I decided to start filling in my many knowledge gaps by going through the certificate gauntlet. I knocked out my A+ first and while I was studying for the Net+ I got an opportunity to attend the SANS 504 course. The course was amazing and I studied for that thing like I had never studied before. I passed the test with a 94 and had a much better test experience than I had on the GCFA since I knew how to properly prepare.

I knocked out my Net+ real quick and then decided that I wanted to supplement my GCIH knowledge with some more hands on hacking knowledge so I signed up for the attack-secure.com “samurai skills” penetration testing course. In addition to some good videos the course came with 90 days of access to a student network of over two dozen boxes to try to hack. I learned a ton and a lot of the concepts from GCIH made a lot more sense when I was forced to put them to use. A great side benefit to this course was giving me a decent understanding of Linux command line usage.

When I got shell on the final box on the network and got access to the file that I needed to earn my “Attack Secure | Penetration Tester” cert I was very proud. I know the cert is very much an unknown and I’ve got a lot more to learn but it was a step in the right direction.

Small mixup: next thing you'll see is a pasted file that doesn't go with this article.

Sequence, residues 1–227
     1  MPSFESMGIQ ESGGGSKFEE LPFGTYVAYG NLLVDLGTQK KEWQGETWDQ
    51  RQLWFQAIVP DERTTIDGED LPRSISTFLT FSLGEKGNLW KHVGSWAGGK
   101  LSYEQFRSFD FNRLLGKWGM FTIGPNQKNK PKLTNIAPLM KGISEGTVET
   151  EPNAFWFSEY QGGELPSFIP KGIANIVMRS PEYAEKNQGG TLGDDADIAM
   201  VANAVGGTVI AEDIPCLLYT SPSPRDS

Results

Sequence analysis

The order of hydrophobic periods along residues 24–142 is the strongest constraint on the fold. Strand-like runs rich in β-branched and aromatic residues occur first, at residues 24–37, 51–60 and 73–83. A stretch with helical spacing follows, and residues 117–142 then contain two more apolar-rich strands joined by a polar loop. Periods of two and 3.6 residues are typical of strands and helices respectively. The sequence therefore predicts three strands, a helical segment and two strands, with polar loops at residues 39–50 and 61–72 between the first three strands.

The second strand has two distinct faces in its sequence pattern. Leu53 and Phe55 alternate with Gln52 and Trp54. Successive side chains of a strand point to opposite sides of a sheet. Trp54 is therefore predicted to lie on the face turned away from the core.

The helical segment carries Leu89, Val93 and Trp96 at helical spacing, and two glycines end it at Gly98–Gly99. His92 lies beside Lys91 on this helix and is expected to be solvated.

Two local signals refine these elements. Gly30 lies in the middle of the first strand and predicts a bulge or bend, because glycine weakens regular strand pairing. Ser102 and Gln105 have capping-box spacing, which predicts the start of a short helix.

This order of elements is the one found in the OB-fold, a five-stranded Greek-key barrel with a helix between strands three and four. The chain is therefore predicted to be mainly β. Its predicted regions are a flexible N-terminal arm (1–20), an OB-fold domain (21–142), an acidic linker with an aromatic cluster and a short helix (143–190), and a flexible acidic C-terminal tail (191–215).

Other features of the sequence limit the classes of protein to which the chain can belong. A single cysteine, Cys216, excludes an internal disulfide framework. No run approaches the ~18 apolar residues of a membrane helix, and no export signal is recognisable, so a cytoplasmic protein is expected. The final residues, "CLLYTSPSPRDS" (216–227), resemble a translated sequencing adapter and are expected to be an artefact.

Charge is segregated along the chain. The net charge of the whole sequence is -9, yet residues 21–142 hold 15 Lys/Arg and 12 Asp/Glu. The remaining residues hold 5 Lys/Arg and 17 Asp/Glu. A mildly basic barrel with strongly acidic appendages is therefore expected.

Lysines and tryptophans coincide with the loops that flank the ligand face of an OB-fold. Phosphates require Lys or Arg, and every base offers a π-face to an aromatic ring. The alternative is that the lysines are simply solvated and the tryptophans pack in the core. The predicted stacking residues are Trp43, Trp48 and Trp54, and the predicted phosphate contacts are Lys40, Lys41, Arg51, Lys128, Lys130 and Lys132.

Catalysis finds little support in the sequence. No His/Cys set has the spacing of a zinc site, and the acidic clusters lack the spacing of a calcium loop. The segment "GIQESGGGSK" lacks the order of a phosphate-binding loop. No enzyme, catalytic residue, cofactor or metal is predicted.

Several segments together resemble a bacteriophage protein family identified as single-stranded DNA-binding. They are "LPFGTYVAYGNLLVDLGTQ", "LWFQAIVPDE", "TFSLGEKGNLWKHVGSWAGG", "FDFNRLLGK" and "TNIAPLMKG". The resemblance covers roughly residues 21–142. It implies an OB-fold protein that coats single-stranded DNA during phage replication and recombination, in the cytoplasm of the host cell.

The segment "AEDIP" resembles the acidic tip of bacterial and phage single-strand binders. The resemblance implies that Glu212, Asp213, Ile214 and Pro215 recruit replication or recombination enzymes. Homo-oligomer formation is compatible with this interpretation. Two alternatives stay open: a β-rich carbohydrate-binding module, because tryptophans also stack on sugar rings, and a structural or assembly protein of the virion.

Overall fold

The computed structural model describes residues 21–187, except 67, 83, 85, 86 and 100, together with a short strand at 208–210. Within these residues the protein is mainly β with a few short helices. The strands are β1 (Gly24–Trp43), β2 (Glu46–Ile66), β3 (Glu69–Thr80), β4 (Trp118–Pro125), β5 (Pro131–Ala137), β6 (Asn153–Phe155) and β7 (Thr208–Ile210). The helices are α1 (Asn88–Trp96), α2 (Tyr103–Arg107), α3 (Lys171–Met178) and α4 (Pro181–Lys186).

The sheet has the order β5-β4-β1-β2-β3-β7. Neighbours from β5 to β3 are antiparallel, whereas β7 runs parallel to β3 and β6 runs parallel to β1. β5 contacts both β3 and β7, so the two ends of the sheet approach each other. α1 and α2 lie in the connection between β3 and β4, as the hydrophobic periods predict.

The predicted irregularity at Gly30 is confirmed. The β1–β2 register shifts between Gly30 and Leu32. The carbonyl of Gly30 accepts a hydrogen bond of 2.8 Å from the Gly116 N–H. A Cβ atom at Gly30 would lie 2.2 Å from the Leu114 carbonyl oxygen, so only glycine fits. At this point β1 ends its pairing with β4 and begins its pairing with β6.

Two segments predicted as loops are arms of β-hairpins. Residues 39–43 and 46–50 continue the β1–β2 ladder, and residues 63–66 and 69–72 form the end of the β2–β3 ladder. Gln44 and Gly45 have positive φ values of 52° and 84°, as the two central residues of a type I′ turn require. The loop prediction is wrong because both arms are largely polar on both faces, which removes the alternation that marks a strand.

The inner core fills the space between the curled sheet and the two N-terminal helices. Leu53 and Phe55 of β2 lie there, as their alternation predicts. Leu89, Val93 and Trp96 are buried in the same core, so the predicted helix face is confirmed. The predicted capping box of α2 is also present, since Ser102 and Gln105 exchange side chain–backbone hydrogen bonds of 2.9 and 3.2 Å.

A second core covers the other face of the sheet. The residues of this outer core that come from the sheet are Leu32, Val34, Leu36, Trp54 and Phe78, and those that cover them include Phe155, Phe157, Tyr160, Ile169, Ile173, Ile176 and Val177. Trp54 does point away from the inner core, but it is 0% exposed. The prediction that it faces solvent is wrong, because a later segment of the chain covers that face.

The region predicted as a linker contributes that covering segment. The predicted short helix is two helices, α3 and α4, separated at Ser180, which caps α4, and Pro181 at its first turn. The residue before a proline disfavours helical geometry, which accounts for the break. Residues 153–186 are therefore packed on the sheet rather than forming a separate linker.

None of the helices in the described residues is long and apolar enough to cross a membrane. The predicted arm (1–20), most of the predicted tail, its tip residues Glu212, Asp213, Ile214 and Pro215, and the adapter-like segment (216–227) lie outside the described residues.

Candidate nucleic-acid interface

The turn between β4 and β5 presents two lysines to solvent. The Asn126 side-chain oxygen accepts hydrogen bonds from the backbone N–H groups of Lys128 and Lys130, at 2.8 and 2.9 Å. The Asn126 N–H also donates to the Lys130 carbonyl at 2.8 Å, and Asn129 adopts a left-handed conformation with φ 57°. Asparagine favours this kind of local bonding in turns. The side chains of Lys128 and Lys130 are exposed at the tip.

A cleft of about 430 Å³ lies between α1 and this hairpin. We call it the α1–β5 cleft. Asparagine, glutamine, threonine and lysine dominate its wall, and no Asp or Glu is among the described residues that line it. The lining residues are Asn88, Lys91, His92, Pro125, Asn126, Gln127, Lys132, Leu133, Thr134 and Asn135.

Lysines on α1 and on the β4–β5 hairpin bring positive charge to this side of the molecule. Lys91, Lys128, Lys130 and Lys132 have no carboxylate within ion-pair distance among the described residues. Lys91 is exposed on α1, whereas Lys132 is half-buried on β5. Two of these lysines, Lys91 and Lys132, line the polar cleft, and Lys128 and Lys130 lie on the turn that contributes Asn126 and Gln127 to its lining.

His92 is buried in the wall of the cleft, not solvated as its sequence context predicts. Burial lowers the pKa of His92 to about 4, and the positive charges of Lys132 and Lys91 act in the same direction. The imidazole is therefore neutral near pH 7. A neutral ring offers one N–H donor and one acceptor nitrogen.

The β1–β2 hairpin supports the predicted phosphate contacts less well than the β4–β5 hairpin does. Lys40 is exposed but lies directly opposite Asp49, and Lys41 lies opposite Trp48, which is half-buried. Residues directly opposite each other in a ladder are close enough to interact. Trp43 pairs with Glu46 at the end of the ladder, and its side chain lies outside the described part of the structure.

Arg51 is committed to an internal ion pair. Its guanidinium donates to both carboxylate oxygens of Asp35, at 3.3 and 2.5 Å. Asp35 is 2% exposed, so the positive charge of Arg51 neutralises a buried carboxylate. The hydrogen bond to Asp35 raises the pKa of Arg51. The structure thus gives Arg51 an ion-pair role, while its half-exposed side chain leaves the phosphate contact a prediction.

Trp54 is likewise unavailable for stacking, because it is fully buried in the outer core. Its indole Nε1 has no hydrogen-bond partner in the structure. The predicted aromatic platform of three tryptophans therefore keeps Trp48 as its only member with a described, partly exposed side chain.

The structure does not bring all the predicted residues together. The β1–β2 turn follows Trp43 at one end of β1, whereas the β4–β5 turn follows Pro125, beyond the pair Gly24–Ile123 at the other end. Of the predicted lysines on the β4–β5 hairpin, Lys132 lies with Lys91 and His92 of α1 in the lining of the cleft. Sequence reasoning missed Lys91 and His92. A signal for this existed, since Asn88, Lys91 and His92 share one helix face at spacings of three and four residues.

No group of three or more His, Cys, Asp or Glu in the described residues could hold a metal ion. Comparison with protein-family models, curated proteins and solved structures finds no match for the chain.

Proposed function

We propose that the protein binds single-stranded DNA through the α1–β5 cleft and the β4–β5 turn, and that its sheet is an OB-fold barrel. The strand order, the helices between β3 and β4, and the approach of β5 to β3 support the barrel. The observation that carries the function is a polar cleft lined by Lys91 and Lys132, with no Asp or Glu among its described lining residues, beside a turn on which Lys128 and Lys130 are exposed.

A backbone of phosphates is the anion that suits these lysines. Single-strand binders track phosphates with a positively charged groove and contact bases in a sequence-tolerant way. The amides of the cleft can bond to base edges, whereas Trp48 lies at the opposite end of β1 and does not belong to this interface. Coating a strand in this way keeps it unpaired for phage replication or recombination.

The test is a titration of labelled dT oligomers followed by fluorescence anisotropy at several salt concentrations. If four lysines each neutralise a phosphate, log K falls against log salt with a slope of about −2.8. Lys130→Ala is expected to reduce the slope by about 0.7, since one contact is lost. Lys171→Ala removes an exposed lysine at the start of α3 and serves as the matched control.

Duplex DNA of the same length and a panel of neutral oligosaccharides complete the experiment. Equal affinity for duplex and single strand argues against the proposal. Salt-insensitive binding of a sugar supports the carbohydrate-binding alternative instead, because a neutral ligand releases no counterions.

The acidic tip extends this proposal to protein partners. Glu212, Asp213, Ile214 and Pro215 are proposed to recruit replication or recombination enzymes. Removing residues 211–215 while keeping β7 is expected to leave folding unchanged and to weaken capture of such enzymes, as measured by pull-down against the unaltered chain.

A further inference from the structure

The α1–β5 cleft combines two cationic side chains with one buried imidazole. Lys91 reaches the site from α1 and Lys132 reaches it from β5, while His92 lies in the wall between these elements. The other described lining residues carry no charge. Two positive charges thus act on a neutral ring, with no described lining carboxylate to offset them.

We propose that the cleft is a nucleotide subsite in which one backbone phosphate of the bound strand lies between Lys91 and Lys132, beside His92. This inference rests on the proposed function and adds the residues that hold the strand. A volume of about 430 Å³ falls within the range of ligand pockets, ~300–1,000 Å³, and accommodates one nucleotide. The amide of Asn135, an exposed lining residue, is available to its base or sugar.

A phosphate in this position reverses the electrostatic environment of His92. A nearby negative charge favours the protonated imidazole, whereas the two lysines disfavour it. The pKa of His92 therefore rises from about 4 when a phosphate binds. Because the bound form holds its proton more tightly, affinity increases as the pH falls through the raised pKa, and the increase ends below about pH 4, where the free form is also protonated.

I went straight from my online hacking course to the SANS 408 Windows Forensic Course in Phoenix and learned a ton about examining Windows systems. Four weeks after that class I attended the 401 course and had a great week, learned a lot and met some great people. Now that I’ve knocked out my GCFE and GSEC certificates I’ve set my sights on the CISSP. I’ll be taking the SANS 414 course in a few weeks and I’ve scheduled my CISSP exam in late May.

In Eleven months I obtained a CCFE, CHFI, GCFA, A+, GCIH, Net+, AS|PT, GCFE and GSEC and hopefully I can add a tenth cert in twelve months by passing my CISSP.

It hasn’t been cheap or easy and there are absolutely times when I feel mentally drained but the feeling I get from knowing what I’m talking about is well worth it.